We've spent a lot of time debating getting out of the army or staying in for 20 years. This past winter, I decided that, if Scott was going to get out of the army, I needed to make more money. I needed to make more money and find a job with some solid benefits because it might take him time to secure a civilian job that he wanted and would be good at. It would give us the freedom to make some choices and decisions, without having to live completely off of savings.

So I started applying for jobs at other places. I looked into lots of opportunities in a few different places, not all classroom teaching, but I was particularly interested in one district and managed to get myself a few interviews over a 6-week period of time. They weren't all set up at once, but as each new interview came about, I was confident. I'd gotten every job I'd applied for in the recent past so I knew this was my next opportunity. (Plus, everyone told me so and "everyone" is never wrong, right?)

Very long story condensed to one sentence: I didn't get any of the jobs I interviewed for.

I took more rejection and hits to my self-esteem in the last few months than I'd ever taken before. I felt it, day in and day out. I would randomly burst into tears because I didn't know if I was even on the right path anymore and I didn't want to make a decision that would cause me to veer, because what if I went in the wrong direction?

I was so set on getting what I wanted in the end (I was that confident), that I pushed past each rejection and onto the next. I assumed I would get what I wanted in the end, even if that wasn't necessarily what I needed. It was like I didn't feel any of the rejection because there was more opportunity blooming around the corner and I just needed to get to that.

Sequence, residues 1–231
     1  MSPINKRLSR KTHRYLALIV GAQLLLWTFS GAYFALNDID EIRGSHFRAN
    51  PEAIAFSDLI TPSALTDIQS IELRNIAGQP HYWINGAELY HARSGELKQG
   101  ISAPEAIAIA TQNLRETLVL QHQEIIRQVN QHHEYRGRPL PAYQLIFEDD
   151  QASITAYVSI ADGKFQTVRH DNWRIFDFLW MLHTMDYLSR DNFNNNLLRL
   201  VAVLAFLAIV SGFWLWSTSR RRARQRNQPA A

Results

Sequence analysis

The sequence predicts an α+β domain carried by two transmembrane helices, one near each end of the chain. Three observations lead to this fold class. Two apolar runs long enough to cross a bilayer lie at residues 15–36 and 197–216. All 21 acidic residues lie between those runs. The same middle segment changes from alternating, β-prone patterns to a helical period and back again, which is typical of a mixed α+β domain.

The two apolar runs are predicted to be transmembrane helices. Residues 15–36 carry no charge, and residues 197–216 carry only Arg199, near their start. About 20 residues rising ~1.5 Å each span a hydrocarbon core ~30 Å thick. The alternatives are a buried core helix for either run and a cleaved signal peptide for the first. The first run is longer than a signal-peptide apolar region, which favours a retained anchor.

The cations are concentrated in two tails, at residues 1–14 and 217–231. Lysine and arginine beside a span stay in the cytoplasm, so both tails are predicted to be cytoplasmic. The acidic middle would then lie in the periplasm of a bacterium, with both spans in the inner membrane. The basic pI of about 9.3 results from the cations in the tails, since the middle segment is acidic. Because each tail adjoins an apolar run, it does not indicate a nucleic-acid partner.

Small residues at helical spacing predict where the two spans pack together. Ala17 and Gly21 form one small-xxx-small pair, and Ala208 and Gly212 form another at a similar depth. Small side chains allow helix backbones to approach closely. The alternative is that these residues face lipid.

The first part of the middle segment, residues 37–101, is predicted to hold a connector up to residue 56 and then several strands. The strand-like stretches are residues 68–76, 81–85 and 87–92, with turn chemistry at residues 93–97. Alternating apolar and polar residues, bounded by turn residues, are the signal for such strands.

It wasn't until I hit the last rejection, the last week of April, when I realized I'd hit a brick wall. There was nowhere to go. While I could eventually accept it and go forward, I had never expected that to happen.

In the end, I needed that kick you in the pants, smack you in the face, leave no trace of doubt behind that this was NOT where I was supposed to be and that was NOT what I was supposed to be doing and the ONLY way I was going to learn that lesson without questioning any decision or move I made... was for me to fail.

When I look at it that way ^^^, I have a really hard time seeing it as failure. Perceived failure maybe, because I tried to do something that I couldn't accomplish or get to, but it taught me a lesson.